So for a couple of years now I’ve been craving a comfortable car, one that rides as though it’s suspended from above rather than in contact with the road surface beneath. Steve Cropley’s Mercedes S500 therefore arrives with me, if only for a short while, not a moment too soon.
Having used the car only a handful of times as I write this, I am pleased to say the S-Class really does ride well. Well enough, certainly, that the patches of rough and potholed Tarmac near to my house that have made me wince twice daily for two years are now smothered beautifully.
The S500’s ride is undoubtedly improved by its wheels, which at 19in in diameter are not as enormous as they might be. They’re shod in doughy winter tyres for the time being, too, which will contribute a little more bump compliance to the overall suspension system.
In many ways a very large, luxurious saloon is exactly what I need since so much of my driving is on the motorway. On the other hand, living in a city will invariably make driving a car as long as a five-a-side football pitch – this is the long-wheelbase model, after all – quite frustrating at times. Multi-storey car parks could be interesting, for instance.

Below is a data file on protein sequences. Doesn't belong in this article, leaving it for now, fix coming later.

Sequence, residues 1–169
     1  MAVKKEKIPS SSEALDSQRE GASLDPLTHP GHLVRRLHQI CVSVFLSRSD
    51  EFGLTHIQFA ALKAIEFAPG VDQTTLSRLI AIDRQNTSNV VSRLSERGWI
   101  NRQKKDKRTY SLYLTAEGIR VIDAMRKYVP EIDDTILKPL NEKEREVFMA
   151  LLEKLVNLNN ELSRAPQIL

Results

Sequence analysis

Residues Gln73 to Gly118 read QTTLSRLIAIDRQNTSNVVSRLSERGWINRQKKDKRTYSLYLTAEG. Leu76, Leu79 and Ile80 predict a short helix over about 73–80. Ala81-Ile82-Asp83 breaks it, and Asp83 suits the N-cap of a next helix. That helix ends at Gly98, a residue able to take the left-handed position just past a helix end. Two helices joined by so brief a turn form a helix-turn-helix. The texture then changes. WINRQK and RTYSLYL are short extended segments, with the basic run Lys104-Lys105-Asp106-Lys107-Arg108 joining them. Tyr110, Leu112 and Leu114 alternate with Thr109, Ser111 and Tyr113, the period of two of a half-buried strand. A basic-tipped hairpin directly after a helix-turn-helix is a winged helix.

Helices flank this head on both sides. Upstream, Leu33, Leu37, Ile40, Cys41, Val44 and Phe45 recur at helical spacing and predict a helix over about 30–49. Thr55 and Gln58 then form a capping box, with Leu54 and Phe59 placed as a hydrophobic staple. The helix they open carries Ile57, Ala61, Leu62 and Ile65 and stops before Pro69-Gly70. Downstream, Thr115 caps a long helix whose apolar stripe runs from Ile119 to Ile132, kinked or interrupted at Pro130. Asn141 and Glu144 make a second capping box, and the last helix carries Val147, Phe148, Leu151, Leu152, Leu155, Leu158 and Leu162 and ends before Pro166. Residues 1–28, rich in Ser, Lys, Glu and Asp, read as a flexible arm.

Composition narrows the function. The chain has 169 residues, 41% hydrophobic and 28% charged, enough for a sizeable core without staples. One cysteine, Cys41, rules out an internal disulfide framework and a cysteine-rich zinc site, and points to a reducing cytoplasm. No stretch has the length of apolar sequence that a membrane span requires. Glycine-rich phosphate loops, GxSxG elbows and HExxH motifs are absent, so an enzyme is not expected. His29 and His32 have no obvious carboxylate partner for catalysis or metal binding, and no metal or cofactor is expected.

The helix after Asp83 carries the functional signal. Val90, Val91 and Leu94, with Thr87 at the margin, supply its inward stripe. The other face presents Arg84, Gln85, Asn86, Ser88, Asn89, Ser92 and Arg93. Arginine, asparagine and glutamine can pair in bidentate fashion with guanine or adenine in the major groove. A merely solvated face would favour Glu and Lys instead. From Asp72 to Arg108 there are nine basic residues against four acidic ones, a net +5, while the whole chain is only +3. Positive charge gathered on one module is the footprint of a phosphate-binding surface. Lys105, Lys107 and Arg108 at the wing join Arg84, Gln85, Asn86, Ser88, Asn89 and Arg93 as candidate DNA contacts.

The thing about the very best luxury cars, however, is that they steer well enough to make them easy to thread along a narrow city street, one that might be lined with cars. I remember that was what struck me most the first time I drove a Rolls-Royce Wraith and, as far as I can tell so far, the S500 does something similar. Its various parking cameras also make low-speed manoeuvring a doddle. I’m intrigued to see if, on balance, I prefer a bigger car for everyday driving or a smaller one.
Along with its comfortable ride, the big Mercedes is proving to be exceptionally refined. It’s quiet at all speeds, the petrol-electric hybrid drivetrain scarcely makes any noise and the front seats are supportive in all the right ways and so relaxing to sit in that I’m wondering about ordering a pair for my living room. I have yet to spend two or three hours in their embrace at once, but if I emerge from the cabin after even the longest drive with a single ache or pain, I will be amazed.
I was interested to read, finally, that Mr Cropley’s preference after driving the S500 back-to-back with another of Autocar’s luxurious long-term test cars, a BMW 740Ld, was very much for the Mercedes. He pointed out quite rightly that the 7 Series felt smaller and sportier (it is both of those things), but that he preferred the more relaxed gait of the S-Class.
Me? If I had to answer that right now I would say my preference was for the BMW, but a few weeks from now I will be able to say for certain.